As a computer technician you need to have the right tools with you at all times in order to perform your job effectively. Showing up for a job only to have to leave right away because you don’t have the correct tool may not leave a good impression with a client.
In the following article I would like to share with you what tools I carry with me so I am always ready to tackle any job. Use this list to build your own toolkit so that you will always be prepared.
I love this screwdriver set. All of the bits are contained within the screwdriver itself and can be easily changed by simply twisting the shaft. I no longer have to worry about carrying around separate bits and finding the right one before attempting a repair. This set also includes a precision screwdriver that works great on laptops.
This set has everything else you will need when working on laptops including MacBooks. It comes with Pentalobe, Slot, Phillips, JIS, Torx, Torx Security, Hex, Square, Triangle, Tri-Wing, and Nut driver bits.
A flashlight can be very handy when trying to look into a dark computer case, behind a rack, or when tracking down rogue screws. I like this one because it’s bright, small, lightweight, and easy to use.
I use these for not only making new network cables but also replacing damaged RJ45 connectors on existing cables.
This basic network cable tester is used to determine if cable is good, bad, or wired incorrectly.
I use the Pro3000 for toning and tracing out ethernet wires. It’s especially handy when the cable installers don’t label any of the ports.
These little pocket knifes are very useful not only for the knife itself but also for the small scissors that make cutting wire ties and other things very easy.
This tool is great for laptop repairs. It is especially useful when trying to pry open a stubborn case or when disconnecting small cables.
I’ve used my needle nose pliers from everything to pulling out a stuck molex connector, removing motherboard standoffs, to reaching into a tight space to remove a screw.
These are a must have for any tech. I primarily use mine for data recovery when the OS is unrepairable and won’t boot or when the machine itself has a hardware failure and I need to recover something quickly. It can also be handy when transferring data from an old PC to a new one.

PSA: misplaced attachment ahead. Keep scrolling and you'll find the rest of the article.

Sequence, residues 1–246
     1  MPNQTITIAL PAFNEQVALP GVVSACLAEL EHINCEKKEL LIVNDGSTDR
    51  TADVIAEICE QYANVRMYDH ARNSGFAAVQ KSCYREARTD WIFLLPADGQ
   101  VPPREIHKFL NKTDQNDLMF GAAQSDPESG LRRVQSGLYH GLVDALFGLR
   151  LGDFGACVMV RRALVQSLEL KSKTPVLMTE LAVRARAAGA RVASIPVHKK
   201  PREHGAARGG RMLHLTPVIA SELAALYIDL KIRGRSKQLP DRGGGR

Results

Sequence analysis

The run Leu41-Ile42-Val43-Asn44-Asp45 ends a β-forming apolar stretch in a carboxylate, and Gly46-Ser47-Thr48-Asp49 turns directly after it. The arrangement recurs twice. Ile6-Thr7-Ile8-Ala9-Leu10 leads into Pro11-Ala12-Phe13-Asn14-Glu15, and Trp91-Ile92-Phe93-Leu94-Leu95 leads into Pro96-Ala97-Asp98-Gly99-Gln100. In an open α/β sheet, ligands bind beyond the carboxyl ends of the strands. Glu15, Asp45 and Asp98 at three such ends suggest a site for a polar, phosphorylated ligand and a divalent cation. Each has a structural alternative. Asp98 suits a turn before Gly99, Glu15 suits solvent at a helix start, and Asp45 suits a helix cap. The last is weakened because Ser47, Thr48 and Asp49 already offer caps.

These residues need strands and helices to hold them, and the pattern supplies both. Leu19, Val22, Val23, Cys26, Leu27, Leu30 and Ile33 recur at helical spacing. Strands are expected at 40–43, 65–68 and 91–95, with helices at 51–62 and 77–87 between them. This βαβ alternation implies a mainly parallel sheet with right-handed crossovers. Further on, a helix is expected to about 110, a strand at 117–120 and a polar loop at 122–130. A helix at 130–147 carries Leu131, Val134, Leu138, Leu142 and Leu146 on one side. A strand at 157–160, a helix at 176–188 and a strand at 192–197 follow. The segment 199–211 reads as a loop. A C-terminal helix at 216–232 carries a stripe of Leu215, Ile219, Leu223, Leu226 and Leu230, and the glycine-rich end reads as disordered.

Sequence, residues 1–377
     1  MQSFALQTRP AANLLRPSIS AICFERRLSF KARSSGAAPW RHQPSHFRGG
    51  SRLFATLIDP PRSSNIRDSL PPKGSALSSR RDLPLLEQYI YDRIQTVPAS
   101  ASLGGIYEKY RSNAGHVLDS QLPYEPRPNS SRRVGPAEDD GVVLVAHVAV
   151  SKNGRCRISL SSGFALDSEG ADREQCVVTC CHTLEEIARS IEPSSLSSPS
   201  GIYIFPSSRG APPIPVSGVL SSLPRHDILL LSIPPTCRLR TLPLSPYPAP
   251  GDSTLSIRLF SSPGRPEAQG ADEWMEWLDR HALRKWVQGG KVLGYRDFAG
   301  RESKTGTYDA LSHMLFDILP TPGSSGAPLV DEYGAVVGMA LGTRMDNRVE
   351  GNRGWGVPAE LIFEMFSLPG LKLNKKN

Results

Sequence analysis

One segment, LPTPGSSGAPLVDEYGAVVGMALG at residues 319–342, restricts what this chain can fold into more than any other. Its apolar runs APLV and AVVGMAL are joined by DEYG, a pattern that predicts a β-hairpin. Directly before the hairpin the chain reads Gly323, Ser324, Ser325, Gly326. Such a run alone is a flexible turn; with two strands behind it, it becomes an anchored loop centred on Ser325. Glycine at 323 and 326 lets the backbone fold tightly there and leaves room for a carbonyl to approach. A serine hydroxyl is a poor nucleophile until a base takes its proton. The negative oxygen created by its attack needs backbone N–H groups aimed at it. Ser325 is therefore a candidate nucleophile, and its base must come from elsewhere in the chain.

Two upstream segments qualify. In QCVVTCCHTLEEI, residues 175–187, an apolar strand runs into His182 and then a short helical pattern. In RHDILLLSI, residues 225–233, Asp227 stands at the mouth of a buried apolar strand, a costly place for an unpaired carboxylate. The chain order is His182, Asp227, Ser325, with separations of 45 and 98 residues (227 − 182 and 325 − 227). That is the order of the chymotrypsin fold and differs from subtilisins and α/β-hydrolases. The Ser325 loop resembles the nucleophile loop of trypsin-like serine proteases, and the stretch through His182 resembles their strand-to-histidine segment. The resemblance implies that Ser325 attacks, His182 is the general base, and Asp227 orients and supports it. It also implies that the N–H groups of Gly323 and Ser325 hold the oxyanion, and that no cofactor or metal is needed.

Used to quickly check a power supply for problems and will sound an alarm if any abnormalities are discovered. It can also check your Molex, PCI-E, and SATA power connections as well.
Every tech needs a flash drive. I use mine to carry all of my portable apps and software updates as well as a place to store temporary files. The ADATA Superior Series is neither the best flash drive on the market nor is it the worst. It’s a good flash drive for a good price and it’s USB 3.0.
Having a portable hard drive can be handy when your flash drive isn’t enough. I mainly use mine for large file transfers and storage.
Fewer computers are shipping with optical drives so it’s nice to have an external one in case you need to access bootable media like a Windows install disc or repair tool.
The Hiren’s BootCD is a computer technician’s best friend. It’s a bootable CD that contains a huge set of tools to help you troubleshoot and repair even the most corrupt machines.
If Hiren’s can’t do the job then the Ultimate Boot CD for Windows is another great option. It also contains a huge set of tools for troubleshooting various issues.
Techtool Pro is a suite of tools used to troubleshoot and repair problems on Macs. Like Hiren’s and Ultimate Boot CD for Windows, Techtool Pro can be booted from a DVD when the computer will not boot.
Windows 10 DVD, Windows 8DVD, Windows 7 DVD, Windows Vista DVD, and Windows XP CD
I keep Windows installation media with me also for the purpose of repairing corrupt windows installations.
I never know when I might need to burn something while on-site with a client so I keep a few blank CD-Rs, DVD-Rs, and DVD-R DLs with me just in case.
I carry a patch cable for obvious reasons. The longer the better especially when trying to plug in to a distant wall port or switch.
- SATA Cable
- Firewire 800 to Firewire 800
- Firewire 400 to Firewire 800
- USB A to Type B
- USB A to Mini B
- USB A to Micro B
I carry a random assortment of screws that can be used for securing drives, cases, and motherboards.
Used with my TRENDnet Crimp Tool to make new cables or repair damaged ones.
I carry one of these around with me just in case I need to quickly make a longer cable.
Some of the best thermal grease on the market in my opinion. Used primarily for dealing with heat issues.
No joke. I use this stuff to stay healthy especially after touching all those mice and keyboards.
I use this for writing down notes, storing forms, and a place to keep extra business cards.
Since I support both Macs and PCs, this is my machine of choice. If I need to boot into Windows, I use VMWare Fusion. For techs that don’t want to buy a MacBook but would still like to have the ability to troubleshoot OS X issues, you can run OS X inside of Windows using VirtualBox.
And this is where I keep my laptop and immediate tools. The Kenneth Cole Reaction Laptop Bag looks professional and comes in three different colors. It has just enough pockets and space for my tools and also fits my 15 inch MacBook Pro perfectly. The rest of my tools are stored in a toolbox that stays in the trunk of my car.
What other tools do you keep in your tech toolkit?
Interested in starting an IT consulting business? Check out my free guide on How to Make Your First $1000 as an IT Consultant.